Experts highlight ‘urgent’ need to rethink human-animal relationship


Essex Mag (UK)

June 20, 2022


The RSPCA has published a collection of essays from global thought leaders to kick off a mission to reposition animal welfare from a niche to a more mainstream policy position.


The collection, What Have Animals Ever Done for Us?, sees 19 essayists explore a diverse array of topics – including animals in religion, the economic value of the natural world, what technology can teach us about our feelings towards animals, and how animals have shaped the legal system over the last 200 years.


Essays are penned by leading commentators – including journalist Henry Mance, environmentalist Tony Juniper CBE, author Melanie Challenger and Professor and former White House advisor Cass Sunstein. Renowned primatologist, Dr Jane Goodall, from the Jane Goodall Institute, has written the foreword; while charity and campaign leaders, such as Philip Lymbery from Compassion in World Farming and Robin Hewings, from the Campaign to End Loneliness, have also contributed.


Emma Slawinski, director of advocacy and policy at the RSPCA, said: “The RSPCA is proud to have brought together such established, experienced thinkers to discuss the role of animals in society; with these essays clearly highlighting the importance of the world urgently reevaluating its relationship to animals.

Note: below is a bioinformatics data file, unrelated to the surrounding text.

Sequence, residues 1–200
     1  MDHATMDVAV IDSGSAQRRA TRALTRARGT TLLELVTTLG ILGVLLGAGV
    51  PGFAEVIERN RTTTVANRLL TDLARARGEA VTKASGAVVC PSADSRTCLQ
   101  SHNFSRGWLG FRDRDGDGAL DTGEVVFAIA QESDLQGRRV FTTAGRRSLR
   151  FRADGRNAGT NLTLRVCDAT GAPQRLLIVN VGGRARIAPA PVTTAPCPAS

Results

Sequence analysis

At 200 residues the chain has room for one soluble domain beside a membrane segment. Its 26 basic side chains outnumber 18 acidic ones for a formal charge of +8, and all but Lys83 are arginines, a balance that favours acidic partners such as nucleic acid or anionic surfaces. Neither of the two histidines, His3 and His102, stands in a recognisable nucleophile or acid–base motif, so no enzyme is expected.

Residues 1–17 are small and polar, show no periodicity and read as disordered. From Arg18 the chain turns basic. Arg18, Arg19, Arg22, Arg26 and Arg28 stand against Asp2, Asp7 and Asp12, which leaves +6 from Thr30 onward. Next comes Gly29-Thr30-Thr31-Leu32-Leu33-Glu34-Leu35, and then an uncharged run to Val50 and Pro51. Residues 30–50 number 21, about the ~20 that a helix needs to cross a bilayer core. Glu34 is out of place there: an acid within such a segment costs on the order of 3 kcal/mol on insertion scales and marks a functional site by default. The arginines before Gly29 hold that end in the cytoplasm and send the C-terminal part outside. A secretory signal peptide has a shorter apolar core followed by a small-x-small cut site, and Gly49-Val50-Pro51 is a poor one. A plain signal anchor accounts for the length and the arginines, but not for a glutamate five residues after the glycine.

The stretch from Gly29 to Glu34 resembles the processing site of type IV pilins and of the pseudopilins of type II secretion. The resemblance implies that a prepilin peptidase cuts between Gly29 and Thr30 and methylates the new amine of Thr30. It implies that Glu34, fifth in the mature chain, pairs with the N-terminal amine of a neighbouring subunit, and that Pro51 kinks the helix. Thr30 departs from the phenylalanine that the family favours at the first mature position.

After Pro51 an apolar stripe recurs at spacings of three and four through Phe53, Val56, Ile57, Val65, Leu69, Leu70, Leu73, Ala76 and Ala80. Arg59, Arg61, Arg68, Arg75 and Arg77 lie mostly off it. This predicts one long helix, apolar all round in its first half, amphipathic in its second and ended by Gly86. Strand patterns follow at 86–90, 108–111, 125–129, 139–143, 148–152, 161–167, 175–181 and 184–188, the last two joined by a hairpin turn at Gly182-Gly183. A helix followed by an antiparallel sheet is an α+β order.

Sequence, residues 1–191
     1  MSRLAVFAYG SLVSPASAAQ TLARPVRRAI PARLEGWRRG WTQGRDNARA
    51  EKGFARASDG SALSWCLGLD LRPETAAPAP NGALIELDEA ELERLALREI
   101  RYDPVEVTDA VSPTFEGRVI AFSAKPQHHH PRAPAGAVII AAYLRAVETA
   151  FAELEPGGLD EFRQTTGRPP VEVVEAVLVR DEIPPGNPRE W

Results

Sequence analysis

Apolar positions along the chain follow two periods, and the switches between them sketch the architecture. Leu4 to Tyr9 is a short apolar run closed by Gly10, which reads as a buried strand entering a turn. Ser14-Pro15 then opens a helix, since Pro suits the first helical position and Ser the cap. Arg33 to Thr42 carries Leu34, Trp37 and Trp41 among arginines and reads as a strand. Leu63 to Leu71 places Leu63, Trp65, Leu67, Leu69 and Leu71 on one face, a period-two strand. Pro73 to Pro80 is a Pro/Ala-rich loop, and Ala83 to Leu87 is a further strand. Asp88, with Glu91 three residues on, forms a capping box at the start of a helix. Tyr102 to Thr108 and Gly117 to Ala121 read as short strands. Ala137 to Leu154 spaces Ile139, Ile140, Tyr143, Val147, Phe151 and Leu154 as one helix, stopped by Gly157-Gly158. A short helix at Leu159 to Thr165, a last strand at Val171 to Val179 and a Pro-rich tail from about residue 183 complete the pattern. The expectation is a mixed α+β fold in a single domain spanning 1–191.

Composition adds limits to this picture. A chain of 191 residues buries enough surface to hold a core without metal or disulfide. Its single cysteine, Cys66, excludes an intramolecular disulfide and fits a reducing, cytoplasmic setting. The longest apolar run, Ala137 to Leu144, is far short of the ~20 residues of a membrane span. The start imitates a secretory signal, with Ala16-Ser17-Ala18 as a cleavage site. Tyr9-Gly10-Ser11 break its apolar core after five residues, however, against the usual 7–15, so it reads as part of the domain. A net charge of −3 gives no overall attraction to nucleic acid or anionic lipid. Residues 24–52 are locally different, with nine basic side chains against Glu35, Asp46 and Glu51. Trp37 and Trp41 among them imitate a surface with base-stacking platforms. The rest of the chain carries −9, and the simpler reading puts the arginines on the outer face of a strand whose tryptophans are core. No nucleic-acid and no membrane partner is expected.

“Worryingly, humankind is fast approaching a turning point of our own making concerning our fortunes as a species. Inequality is growing, climate change and the destruction of the natural environment are devastating concerns; while the relentless march of technology increasingly impacts our daily lives.


“But rethinking the role of animals in our society could have many of the answers.


“From combating social loneliness, to regenerating natural resources through new approaches to farming, and even the interconnectivity between improving animal and human health, more just treatment of animals is not only the morally right thing to do – it will also benefit, and maybe even save, humankind.


“We know these are uncomfortable questions. But humans have developed the capacity to determine not merely our own fate but that of millions of other individual species and trillions of individual animals trying to live alongside us. We hope this essay collection will help kick start a conversation humans need to have – for our sake, and for animals.”


It is hoped the collection will spark a debate around some of the seismic and groundbreaking changes proposed in the essays to sustain a future for humans and animals together; while emphasising the need for the UK and the wider world to take a fresh look at humankind’s relationship with animals


The collection was launched at a virtual debate event on June 9*; the first event in a series of activities by the 200-year-old charity to demonstrate the need to consider animals in all aspects of society.


Emma added: